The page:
87. <p>
  88. <blockquote><pre>
  89. libswigpl.a # Perl library (static)
  90. # Perl library (shared)
  91. libswigpy.a # Python library (static)
  92. # Python library (shared)
  93. libswigtcl8.a # Tcl 8.x library (static)
  94. # Tcl 8.x library (shared)
  95. libswigrb.a # Ruby library (static)
  96. # Ruby library (shared)
  97. </pre></blockquote>
  98. <p>
  99. Note that certain libraries may be missing due to missing packages or unsupported features (like dynamic loading) on your machine.<p>
  100. <p>
  101. 2. Compile all SWIG modules using the <tt>-c</tt> option. For example :<p>
  102. <p>
  103. <blockquote><pre>
  104. % <b>swig -c -python a.i</b>
  105. % <b>swig -c -python b.i</b>
  106. </pre></blockquote>
  107. The <tt>-c</tt> option tells SWIG to omit runtime support. It's now up to you to provide it separately--which we will do using our libraries.<p>
  108. <p>
  109. 3. Build SWIG modules by linking against the appropriate runtime libraries.<p>
  110. <p>
  111. <blockquote><pre>
  112. % <b>swig -c -python a.i</b>
  113. % <b>swig -c -python b.i</b>
  114. % <b>gcc -c a_wrap.c b_wrap.c -I/usr/local/include</b>
  115. % <b>ld -shared a_wrap.o b_wrap.o -lswigpy -o</b>
  116. </pre></blockquote>
  117. or if building a new executable (static linking)<p>
  118. <p>
  119. <blockquote><pre>
  120. % <b>swig -c -tcl -ltclsh.i a.i</b>
  121. % <b>gcc a_wrap.c -I/usr/local/include -L/usr/local/lib -ltcl -lswigtcl -lm -o mytclsh</b>
  122. </pre></blockquote>
  123. <p>
  124. When completed you should now end up with a collection of modules like this:<p>
  125. <center><img src="ch11.3.png"></center><p>
  126. <p>
  127. <p>
  128. In this configuration, the runtime library manages all datatypes and other information between modules. This management process is dynamic in nature--when new modules are loaded, they contribute information to the run-time system. In the C++ world, one could incrementally load classes as needed. As this process occurs, type information is updated and base-classes learn about derived classes as needed.<p>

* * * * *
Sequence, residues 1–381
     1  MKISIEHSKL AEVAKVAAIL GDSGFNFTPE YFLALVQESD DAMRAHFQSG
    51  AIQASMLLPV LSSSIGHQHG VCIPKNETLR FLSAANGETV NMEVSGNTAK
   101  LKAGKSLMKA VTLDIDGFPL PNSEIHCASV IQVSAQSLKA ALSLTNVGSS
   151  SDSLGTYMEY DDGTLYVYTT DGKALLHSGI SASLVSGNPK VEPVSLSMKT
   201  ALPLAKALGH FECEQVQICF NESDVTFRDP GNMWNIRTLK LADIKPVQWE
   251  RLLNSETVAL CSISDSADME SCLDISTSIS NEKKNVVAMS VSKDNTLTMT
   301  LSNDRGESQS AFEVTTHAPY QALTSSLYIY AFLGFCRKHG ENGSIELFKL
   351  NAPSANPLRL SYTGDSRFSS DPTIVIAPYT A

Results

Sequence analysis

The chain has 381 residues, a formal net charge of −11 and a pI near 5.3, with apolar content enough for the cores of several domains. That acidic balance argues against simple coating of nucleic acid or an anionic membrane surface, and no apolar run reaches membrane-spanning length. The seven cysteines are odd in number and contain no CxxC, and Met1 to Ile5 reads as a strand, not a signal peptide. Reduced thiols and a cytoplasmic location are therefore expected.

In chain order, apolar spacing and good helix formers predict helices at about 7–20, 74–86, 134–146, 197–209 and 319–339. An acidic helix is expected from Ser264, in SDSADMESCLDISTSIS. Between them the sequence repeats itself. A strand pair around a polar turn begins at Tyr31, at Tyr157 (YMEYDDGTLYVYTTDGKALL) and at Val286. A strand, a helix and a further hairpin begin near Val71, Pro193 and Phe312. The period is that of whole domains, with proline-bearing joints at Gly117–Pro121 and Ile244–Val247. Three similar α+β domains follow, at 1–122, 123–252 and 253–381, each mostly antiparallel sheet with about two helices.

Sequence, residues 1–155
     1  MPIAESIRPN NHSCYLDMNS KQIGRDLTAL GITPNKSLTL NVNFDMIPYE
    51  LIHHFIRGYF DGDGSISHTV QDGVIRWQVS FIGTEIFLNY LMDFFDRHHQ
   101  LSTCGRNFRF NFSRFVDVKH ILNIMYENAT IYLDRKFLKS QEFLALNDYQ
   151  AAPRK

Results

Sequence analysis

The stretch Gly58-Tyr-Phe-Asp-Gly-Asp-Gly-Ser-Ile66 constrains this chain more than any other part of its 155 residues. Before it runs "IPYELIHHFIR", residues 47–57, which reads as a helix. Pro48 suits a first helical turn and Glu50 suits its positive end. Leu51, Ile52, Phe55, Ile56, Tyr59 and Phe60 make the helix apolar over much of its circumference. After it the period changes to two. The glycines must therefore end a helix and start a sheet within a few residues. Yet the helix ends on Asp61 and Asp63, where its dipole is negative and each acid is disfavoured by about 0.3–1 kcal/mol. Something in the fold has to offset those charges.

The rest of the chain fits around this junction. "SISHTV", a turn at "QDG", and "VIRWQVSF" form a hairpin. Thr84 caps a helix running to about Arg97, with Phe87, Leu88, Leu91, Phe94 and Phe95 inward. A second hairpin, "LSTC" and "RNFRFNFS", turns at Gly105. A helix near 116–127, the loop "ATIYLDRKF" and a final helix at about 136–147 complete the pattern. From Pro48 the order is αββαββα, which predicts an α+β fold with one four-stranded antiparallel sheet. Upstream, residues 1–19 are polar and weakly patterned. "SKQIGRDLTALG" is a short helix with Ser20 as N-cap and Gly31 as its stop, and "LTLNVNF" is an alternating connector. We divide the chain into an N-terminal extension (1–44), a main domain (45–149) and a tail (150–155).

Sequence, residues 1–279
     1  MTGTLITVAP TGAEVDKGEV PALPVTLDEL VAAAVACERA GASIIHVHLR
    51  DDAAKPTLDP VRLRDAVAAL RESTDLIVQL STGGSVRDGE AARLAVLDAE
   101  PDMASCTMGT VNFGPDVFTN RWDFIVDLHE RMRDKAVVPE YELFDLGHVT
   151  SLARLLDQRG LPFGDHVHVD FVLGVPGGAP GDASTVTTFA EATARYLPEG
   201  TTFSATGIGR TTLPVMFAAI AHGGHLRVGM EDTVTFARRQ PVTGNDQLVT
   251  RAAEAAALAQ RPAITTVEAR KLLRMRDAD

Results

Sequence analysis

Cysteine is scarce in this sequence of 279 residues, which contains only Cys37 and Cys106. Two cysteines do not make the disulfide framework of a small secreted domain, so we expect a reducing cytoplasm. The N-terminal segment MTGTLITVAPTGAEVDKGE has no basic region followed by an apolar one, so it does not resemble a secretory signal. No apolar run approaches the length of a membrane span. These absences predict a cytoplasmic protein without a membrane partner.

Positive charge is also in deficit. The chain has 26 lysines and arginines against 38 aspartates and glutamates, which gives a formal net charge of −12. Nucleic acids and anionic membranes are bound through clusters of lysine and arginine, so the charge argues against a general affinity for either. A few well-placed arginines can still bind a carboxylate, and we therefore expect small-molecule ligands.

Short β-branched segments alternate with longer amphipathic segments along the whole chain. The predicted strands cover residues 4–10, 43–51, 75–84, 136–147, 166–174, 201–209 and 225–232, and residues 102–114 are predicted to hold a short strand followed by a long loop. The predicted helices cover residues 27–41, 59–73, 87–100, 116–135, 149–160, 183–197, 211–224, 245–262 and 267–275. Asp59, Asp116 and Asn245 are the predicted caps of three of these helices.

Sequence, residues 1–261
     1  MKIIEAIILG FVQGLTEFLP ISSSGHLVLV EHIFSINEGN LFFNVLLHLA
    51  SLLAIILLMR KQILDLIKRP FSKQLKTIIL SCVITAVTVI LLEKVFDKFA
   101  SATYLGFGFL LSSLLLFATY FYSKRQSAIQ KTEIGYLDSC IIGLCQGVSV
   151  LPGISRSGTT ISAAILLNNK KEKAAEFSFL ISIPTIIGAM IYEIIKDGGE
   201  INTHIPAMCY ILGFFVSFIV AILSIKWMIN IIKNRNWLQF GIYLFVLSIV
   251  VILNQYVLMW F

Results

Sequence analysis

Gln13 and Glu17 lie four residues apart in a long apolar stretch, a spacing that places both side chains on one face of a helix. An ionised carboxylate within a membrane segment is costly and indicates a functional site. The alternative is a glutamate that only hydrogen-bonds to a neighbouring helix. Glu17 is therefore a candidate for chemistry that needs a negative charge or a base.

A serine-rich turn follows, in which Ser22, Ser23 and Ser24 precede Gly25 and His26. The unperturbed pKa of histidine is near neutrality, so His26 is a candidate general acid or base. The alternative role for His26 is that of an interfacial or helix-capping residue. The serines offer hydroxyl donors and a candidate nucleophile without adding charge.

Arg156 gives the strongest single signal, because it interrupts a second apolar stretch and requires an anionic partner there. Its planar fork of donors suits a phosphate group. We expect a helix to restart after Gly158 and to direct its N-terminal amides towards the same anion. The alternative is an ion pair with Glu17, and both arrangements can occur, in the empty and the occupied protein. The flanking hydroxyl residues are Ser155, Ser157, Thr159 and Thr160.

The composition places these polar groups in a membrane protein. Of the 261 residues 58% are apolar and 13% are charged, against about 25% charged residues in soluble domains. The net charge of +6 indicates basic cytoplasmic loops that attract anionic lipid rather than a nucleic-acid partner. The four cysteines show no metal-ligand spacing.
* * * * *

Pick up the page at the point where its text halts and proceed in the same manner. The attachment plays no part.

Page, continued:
129. <a name="n6"></a><H3>13.1.4 A few dynamic loading gotchas</H3>
  130. When working with dynamic loading, it is critical to check that only one copy of the run-time library is being loaded into the system. When working with <tt>.a</tt> library files, problems can sometimes occur so there are a few approaches to the problem.<p>
  131. <p>
  132. 1. Rebuild the scripting language executable with the SWIG runtime library attached to it. This is actually, fairly easy to do using SWIG. For example :<p>
  133. <p>
  134. <blockquote><pre>%module mytclsh
  135. %{
  136. static void *__embedfunc(void *a) { return a};
  137. %}
  138. void *__embedfunc(void *);
  139. %include tclsh.i
  140. </pre></blockquote>
  141. <p>
  142. Now, run SWIG and compile as follows:<p>
  143. <p>
  144. <blockquote><pre>
  145. % <b>swig -c -tcl mytclsh.i</b>
  146. % <b>gcc mytclsh_wrap.c -I/usr/local/include -L/usr/local/lib -ltcl -lswigtcl -ldl -lm \
  147. -o tclsh</b>
  148. </pre></blockquote>
  149. This produces a new executable "<tt>tclsh</tt>" that contains a copy of the SWIG runtime library. The weird <tt>__embedfunc()</tt> function is needed to force the functions in the runtime library to be included in the final executable.<p>
  150. <p>
  151. To make new dynamically loadable SWIG modules, simply compile as follows :<p>
  152. <p>
  153. <blockquote><pre>
  154. % <b>swig -c -tcl example.i</b>
  155. % <b>gcc -c example_wrap.c -I/usr/local/include</b>
  156. % <b>ld -shared example_wrap.o -o</b>
  157. </pre></blockquote>
  158. Linking against the <tt>swigtcl</tt> library is no longer necessary as all of the functions are now included in the <tt>tclsh</tt> executable and will be resolved when your module is loaded.<p>
  159. <p>
  160. 2. Using shared library versions of the runtime library<p>
  161. <p>
  162. If supported on your machine, the runtime libraries will be built as shared libraries (indicated by a <tt>.so</tt>, <tt>.sl</tt>, or .<tt>dll</tt> suffix). To compile using the runtime libraries, you link process should look something like this:<p>
  163. <blockquote><pre>
  164. % <b>ld -shared swigtcl_wrap.o -o</b> # Irix
  165. % <b>gcc -shared swigtcl_wrap.o -o</b> # Linux
  166. % <b>ld -G swigtcl_wrap.o -o</b> # Solaris
  167. </pre></blockquote>
  168. In order for the <tt></tt> library to work, it needs to be placed in a location where the dynamic loader can find it. Typically this is a system library directory (ie. <tt>/usr/local/lib</tt> or <tt>/usr/lib</tt>).<p>
  169. <p>
  170. When running with the shared libary version, you may get error messages such as the following:<p>
  171. <p>
  172. <blockquote><pre>Unable to locate</pre></blockquote>
  173. This indicates that the loader was unable to find the shared libary at run-time. To find shared libaries, the loader looks through a collection of predetermined paths. If the <tt></tt> file is not in any of these directories, it results in an error. On most machines, you can change the loader search path by changing the Unix environment variable <tt>LD_LIBRARY_PATH</tt>, e.g.<p>